Presidential spokesman Dmitry Peskov remarked on this point that if these organizations condemned the actions of terrorists, and not Russia, their work would have seemed much more convincing.
As for Saudi Arabia, no such treatment was made for it, despite the medieval punishments. Despite the fact that women in this monarchy regime is prohibited to get behind the wheel. Despite the fact that this kingdom continues to help terrorists who kill the Syrians. Despite the fact that, finally, Riyadh continues to strike at the peaceful cities of Yemen.
It is also worth remembering that the Libyan Jamahiriya was expelled from the UN Human Rights Council when Muammar Al-Gaddafi was in power there. But the membership of Libya was resumed after Gaddafi was killed with incredible savagery and complete chaos reigned in the country. A little later, Syria was not allowed into this body, which was also considered “inappropriate.”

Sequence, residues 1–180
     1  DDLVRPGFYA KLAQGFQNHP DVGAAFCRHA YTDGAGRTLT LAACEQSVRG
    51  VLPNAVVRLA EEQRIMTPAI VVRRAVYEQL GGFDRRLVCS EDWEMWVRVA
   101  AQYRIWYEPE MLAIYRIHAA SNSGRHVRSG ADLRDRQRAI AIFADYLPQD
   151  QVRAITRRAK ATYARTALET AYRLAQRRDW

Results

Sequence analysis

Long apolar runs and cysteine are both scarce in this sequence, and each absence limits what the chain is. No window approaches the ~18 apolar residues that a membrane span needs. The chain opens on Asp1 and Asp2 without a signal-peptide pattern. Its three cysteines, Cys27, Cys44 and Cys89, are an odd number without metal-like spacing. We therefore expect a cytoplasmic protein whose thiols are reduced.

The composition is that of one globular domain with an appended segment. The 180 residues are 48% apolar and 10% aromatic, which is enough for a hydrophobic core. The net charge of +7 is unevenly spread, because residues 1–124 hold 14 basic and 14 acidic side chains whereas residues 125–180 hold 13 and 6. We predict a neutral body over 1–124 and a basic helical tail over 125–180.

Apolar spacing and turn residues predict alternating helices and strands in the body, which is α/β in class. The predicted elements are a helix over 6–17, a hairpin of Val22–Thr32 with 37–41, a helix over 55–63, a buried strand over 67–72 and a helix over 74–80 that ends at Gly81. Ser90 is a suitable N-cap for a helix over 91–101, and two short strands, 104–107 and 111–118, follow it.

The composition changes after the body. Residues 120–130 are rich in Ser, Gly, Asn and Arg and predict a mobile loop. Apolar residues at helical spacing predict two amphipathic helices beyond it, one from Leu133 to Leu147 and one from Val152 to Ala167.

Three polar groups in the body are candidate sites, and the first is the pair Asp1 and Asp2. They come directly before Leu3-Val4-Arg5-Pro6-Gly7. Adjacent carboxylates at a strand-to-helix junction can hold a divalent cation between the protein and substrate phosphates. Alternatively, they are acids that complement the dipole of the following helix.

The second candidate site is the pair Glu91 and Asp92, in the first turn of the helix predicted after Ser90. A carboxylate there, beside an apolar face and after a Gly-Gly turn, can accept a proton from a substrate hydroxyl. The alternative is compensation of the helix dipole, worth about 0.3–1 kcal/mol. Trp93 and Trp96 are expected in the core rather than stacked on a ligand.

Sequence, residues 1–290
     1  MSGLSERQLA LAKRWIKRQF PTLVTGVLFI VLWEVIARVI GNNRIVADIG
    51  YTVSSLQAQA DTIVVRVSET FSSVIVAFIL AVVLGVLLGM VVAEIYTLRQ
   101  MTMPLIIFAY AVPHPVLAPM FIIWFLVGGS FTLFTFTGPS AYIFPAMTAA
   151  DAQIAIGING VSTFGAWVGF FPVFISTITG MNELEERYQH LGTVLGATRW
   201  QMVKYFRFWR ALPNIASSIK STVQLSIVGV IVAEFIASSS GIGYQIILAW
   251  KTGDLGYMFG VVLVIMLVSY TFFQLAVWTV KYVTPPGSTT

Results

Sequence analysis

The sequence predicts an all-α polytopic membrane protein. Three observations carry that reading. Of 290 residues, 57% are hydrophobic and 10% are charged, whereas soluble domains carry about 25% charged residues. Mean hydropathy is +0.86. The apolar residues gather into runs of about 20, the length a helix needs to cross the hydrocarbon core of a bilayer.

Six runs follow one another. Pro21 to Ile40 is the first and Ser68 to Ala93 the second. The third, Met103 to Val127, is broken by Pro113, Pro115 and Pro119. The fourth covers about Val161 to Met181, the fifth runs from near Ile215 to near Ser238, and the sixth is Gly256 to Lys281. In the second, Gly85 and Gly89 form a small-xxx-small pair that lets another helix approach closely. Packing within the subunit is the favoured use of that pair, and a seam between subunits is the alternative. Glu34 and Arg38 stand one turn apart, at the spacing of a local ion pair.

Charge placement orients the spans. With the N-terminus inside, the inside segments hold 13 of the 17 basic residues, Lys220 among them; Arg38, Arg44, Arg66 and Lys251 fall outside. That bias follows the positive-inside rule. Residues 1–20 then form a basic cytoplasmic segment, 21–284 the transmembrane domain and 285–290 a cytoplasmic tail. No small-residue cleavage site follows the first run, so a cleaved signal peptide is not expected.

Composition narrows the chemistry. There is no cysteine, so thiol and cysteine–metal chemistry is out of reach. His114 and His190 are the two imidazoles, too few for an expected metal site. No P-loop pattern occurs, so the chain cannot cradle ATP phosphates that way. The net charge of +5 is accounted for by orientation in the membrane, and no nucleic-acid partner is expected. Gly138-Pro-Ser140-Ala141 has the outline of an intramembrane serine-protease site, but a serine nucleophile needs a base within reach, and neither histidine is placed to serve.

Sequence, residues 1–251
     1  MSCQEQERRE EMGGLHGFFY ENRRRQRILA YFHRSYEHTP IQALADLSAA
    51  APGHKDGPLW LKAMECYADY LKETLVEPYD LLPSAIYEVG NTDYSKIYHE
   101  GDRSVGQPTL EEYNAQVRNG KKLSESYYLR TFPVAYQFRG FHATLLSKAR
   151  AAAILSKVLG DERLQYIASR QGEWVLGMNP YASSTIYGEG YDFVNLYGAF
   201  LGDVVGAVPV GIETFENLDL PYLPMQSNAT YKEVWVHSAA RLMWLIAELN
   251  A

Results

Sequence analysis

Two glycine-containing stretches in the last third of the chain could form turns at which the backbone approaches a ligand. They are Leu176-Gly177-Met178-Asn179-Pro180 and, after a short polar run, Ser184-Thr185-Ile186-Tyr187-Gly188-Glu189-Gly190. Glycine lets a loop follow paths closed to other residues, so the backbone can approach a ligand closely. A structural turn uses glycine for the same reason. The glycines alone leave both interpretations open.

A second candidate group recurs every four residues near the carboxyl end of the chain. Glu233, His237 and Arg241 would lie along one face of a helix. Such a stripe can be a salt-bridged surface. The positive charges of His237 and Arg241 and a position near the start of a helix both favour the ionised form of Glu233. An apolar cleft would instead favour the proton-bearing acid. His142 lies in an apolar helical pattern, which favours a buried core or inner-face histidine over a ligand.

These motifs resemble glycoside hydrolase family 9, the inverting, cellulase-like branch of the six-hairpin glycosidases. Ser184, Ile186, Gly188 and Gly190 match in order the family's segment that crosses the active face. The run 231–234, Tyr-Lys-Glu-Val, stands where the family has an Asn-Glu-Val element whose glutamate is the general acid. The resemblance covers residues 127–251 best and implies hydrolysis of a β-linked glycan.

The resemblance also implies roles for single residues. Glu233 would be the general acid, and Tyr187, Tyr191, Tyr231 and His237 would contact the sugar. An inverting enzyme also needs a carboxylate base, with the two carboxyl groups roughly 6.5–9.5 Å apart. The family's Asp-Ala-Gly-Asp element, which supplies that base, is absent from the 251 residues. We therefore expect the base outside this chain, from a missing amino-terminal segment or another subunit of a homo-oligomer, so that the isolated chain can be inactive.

But, as we have the honor to contemplate, Saudi Arabia is quite suitable for this body. Like its closest ally - the United States, along with the Guantanamo prison.
And, if those few progressive states that nevertheless went to the UN Human Rights Council fail to organize a proper response to the violators of human rights who are guilty of initiating wars, then this body risks turning into the UN Council on the Rights of Terrorists.